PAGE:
Out & About …

… on the North York Moors, or wherever I happen to be.

Bloody Meadow

A few miles south of Tadcaster to look around the site of the Battle of Towton, a defining battle in the War of the Roses and perhaps the most barbaric ever fought on English soil.

The River Cock had overflowed its banks following Storm Dennis flooding the Bloody Meadow, where many fleeing Lancastrian soldiers were trapped and slaughtered in a mad frenzy by Yorkist troops. Perhaps giving an idea of the conditions prevailing almost on that fateful spring day, almost 559 years ago.

For six years England had been in a state of civil war, the Lancastrians, supporters of King Henry VI, weak and ineffectual fought bitterly with the Yorkists, adherents of the king’s cousin, Richard, Duke of York. But York had been killed at the battle of Wakefield on 30th December, 1460, and his cause was taken up by his son Edward, Earl of March, just 18 years old but already a tall, well-built warrior with a temperament to match.

On 4th March 1461, Edward was crowned King, and to his supporters he was now King Edward IV. Henry’s Queen, Margaret of Anjou, refused to accept Edward as King because it would deprive her son, Edward of Westminster, of what she believed was his birthright. So England had two Kings, A showdown for the throne of England was inevitable. Throughout that month, thousands of men bearing weapons were raised assembled throughout England. By the end of the month, it is estimated Edward had 49,000 men and Henry may have had as many as 60,000.

The two armies met on Palm Sunday, 29th March 1461, on Towton Moor, a plateau of open fields overlooking the Great North Road and bounded by the River Cock to the west and marshy fenland to the east. Edward and the Yorkists occupied higher ground to the south with the Lancastrians to the north on ground a shade lower. Between them a shallow dale, Towton Dale. Today this is a large ploughed field, surprisingly dry with an overall height difference of perhaps ten metres. In 1461 snow was falling, visibility was poor and a strong southerly wind blew into the faces of the Lancastrians. Aided by this wind, the Yorkist archers fired several volleys into the Lancastrians, whose arrows were fired into the wind and fell short. Soon however the superior numbers of the Lancastrians began to gain the upper hand but the arrival of 5,000 Yorkist reinforcements forced the Lancastrians to flee. Both sides had been told to accept no quarter and true to word the slaughter of the Lancastrians began. The nature of the terrain forced many of the rout down the dale towards the River Cock. Estimates of the dead vary considerably but generally, it is thought as many as 26,000 could have been killed or lay dying.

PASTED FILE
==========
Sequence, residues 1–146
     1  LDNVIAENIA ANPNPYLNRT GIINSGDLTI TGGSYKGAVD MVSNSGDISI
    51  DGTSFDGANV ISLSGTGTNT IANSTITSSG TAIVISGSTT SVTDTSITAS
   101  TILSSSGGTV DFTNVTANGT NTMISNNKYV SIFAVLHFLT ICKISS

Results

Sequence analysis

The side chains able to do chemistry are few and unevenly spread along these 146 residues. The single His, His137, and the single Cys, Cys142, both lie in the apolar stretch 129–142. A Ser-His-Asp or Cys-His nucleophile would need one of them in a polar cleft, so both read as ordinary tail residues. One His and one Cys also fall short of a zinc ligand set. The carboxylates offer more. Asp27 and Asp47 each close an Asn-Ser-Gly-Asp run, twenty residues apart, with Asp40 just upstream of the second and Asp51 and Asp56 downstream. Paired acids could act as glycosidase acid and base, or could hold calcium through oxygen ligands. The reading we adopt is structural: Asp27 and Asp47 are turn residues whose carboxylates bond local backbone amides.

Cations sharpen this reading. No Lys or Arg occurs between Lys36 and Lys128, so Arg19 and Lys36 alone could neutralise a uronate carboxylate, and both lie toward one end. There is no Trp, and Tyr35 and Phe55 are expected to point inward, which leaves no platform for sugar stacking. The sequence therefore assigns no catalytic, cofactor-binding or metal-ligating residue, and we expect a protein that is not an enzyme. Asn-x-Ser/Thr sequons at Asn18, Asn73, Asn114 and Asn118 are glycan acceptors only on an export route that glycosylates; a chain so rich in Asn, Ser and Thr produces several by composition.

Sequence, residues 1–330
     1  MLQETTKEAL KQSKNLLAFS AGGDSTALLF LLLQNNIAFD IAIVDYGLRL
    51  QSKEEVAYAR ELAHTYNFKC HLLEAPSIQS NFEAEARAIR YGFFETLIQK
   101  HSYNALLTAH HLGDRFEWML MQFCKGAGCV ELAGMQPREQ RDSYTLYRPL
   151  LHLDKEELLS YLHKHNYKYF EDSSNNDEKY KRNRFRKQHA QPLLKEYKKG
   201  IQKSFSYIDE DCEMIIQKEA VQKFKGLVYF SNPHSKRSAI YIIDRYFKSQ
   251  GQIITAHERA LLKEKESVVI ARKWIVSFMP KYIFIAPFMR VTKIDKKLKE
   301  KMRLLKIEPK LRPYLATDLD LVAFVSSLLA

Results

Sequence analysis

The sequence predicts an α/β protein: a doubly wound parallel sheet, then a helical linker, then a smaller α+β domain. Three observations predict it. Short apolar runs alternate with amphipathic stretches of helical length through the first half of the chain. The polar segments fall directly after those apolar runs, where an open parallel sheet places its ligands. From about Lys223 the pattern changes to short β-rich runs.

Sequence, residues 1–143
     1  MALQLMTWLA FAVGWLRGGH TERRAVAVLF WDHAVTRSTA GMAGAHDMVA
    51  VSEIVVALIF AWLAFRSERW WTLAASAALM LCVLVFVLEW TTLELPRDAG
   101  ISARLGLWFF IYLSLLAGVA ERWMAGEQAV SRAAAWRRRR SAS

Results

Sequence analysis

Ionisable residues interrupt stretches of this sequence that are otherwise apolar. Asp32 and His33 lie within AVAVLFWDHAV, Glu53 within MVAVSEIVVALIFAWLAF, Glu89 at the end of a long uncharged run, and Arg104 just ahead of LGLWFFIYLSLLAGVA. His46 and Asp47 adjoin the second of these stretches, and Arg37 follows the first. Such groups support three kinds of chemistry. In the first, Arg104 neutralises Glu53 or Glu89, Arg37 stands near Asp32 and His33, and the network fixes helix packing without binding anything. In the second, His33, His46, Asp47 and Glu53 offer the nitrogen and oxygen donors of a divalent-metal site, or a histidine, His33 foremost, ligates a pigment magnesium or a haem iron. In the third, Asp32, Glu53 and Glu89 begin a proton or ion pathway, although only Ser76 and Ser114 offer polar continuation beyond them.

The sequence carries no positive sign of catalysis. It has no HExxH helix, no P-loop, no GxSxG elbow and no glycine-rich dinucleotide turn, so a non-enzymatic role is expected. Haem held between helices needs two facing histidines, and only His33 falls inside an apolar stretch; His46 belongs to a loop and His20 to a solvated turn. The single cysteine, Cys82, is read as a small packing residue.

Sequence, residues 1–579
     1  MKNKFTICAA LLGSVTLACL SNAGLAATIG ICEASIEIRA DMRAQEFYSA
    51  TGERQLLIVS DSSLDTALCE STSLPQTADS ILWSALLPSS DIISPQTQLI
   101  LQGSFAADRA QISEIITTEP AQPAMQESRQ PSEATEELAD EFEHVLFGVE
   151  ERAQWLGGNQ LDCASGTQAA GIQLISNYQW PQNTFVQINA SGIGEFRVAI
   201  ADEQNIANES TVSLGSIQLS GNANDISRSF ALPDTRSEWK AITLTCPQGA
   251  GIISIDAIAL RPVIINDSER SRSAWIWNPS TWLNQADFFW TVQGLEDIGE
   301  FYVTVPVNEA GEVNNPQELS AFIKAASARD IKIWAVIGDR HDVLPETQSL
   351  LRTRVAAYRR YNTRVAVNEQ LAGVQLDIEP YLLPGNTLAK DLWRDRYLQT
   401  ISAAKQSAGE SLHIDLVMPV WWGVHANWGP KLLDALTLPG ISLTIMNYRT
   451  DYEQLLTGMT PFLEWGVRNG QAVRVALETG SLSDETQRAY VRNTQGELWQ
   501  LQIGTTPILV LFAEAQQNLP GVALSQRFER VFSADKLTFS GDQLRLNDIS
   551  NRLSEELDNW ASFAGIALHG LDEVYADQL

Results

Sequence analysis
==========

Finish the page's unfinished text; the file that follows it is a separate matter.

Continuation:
Henry was not on the battlefield, he was in York at the time with his wife and son, and on receiving news of their army’s defeat, they fled into exile in Scotland.

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